A jacket spread out on the work table, showing the inside of the back. The jacket is in a dark navy fabric, but the partial lining is bright red, as is the piping on any exposed interior edges.
Summer jacket, half lined. Piping is used to conceal and prevent all raw edges from fraying. This allows you to make a lightweight jacket that is cooler in the summer months. The piping is cut by hand and is on the bias.

After qualifying, I was tasked with running the workroom. During this period I had my own apprentices to train and help deal with increased workflow. Slowly Team Sexton expanded. We employed as many apprentices as we had room for. If you have ever been inside a workshop then you will appreciate workspace is at a premium!

Through this I had the privilege of meeting many talented people and made life long friends. The workshop can be a highly pressured environment, with deadlines always changing you learn to adapt. Sometimes we would make several fittings for customers who were only in the country for a short duration of time. We worked hard to construct a reliable, talented team that could cope with this pressure.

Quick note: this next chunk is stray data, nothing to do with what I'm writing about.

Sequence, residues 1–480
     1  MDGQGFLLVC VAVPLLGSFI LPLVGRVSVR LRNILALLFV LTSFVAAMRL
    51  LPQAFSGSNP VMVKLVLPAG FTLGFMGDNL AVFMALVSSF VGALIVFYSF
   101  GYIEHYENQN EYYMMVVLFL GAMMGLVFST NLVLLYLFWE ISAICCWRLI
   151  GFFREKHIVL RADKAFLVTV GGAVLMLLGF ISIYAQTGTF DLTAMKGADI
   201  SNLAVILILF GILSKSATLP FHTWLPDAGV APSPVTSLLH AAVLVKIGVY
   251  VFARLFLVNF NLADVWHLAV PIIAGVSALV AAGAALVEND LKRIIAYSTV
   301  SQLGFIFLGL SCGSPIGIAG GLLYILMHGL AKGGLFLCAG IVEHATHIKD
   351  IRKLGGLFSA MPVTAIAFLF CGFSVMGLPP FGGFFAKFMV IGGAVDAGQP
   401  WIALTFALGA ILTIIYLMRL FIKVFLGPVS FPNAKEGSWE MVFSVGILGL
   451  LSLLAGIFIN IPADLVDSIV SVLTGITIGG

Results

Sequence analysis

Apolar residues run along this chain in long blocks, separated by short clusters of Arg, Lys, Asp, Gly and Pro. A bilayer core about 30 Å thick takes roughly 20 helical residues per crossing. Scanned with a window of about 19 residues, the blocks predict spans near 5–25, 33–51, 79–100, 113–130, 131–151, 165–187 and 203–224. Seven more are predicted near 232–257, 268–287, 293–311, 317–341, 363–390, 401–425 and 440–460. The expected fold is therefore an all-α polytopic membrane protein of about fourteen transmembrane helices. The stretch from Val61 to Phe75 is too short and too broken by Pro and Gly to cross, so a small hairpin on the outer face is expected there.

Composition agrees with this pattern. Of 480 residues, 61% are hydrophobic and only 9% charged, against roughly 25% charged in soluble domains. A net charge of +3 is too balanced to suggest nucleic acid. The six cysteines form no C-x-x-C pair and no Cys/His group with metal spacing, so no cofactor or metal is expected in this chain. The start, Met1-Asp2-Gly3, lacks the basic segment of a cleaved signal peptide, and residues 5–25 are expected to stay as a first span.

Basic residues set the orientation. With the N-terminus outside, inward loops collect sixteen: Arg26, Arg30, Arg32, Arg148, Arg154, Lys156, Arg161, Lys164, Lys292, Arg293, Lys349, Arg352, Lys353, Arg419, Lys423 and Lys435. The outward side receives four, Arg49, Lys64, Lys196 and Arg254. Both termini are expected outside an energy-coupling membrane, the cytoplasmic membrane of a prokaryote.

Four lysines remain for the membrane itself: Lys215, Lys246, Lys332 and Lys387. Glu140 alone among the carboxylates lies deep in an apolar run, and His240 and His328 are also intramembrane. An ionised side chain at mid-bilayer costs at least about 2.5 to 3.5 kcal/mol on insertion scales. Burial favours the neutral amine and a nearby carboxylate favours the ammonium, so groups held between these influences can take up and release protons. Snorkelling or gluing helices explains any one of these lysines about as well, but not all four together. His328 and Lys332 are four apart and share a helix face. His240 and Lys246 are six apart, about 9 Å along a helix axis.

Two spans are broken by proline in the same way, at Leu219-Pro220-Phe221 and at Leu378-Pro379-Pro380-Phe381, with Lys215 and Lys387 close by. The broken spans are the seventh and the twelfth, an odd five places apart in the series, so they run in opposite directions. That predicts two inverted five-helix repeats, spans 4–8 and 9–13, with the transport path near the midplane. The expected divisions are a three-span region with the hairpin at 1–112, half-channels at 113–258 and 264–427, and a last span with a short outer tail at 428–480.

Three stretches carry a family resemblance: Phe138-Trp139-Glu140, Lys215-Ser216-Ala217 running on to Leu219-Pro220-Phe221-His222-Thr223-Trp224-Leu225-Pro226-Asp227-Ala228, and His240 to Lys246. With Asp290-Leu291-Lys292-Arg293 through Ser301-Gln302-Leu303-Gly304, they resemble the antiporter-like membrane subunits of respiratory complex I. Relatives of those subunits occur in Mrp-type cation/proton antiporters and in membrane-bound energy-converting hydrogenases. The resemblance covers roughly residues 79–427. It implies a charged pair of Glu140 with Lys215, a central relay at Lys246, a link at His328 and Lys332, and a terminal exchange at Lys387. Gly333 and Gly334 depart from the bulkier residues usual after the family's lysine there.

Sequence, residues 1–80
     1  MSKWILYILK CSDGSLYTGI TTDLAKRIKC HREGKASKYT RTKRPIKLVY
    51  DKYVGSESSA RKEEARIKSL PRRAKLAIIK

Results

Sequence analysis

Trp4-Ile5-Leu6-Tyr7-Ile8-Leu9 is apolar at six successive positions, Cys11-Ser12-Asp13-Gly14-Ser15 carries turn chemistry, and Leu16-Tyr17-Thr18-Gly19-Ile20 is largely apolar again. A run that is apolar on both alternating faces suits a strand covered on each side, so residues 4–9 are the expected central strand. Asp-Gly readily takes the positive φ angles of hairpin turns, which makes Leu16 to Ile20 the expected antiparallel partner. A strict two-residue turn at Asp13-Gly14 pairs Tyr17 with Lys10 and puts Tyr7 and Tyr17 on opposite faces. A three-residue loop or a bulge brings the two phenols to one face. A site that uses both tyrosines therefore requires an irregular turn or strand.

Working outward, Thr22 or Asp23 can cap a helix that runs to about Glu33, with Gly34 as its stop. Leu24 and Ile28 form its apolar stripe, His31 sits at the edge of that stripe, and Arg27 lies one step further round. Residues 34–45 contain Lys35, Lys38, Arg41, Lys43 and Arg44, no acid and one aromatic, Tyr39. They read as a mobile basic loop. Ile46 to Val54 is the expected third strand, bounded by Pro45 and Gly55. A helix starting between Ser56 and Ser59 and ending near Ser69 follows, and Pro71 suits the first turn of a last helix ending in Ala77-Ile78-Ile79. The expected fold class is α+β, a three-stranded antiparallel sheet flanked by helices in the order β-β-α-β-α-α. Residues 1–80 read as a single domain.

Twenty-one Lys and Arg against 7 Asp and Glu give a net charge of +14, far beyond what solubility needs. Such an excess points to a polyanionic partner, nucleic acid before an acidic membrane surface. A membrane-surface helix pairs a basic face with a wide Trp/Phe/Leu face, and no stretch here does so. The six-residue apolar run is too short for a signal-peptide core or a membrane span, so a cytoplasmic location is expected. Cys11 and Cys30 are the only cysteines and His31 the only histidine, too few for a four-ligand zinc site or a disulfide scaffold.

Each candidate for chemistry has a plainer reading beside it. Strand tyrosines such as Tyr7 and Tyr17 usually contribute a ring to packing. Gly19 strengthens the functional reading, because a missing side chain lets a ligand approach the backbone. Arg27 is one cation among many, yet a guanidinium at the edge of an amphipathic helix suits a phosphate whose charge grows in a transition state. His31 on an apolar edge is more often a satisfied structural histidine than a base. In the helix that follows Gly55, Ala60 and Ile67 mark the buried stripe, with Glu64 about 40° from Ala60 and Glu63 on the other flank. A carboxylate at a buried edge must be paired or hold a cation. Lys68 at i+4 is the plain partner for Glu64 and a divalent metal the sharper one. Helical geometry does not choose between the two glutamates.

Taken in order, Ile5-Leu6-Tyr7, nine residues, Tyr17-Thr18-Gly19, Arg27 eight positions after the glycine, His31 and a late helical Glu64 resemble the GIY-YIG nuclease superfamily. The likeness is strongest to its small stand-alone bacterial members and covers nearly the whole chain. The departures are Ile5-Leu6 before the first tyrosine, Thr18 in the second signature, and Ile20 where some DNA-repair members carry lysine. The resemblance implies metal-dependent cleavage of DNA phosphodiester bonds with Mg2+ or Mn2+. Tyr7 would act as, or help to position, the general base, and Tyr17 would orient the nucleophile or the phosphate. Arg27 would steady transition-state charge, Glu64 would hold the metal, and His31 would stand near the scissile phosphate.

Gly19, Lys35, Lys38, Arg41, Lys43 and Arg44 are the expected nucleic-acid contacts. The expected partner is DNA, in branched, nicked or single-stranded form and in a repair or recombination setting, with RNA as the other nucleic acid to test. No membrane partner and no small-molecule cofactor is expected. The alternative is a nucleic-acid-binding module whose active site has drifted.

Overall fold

A jacket on a mannequin, showing all the basting that has been used to shape it.
The bastes are the structure and act as scaffolding. Once a job is finished I removed all the ones that no longer serve a purpose. The jacket then goes to the finisher hand sew all the linings into place. The facings, flaps, vents and collar are edge stitched and finally the buttonholes are made.

Reflecting upon my apprenticeship, I can tell you it was not easy. You need to be committed, patient and able to accept criticism. It is essential to be passionate about tailoring because it is demanding and consuming. I would spend many evenings reflecting upon my work that day, searching for ways to refine my skills and be more efficient.

Tailoring is not a skill that can be learnt in a month, only with repetition and commitment. The day I stop learning shall be the day that I retire.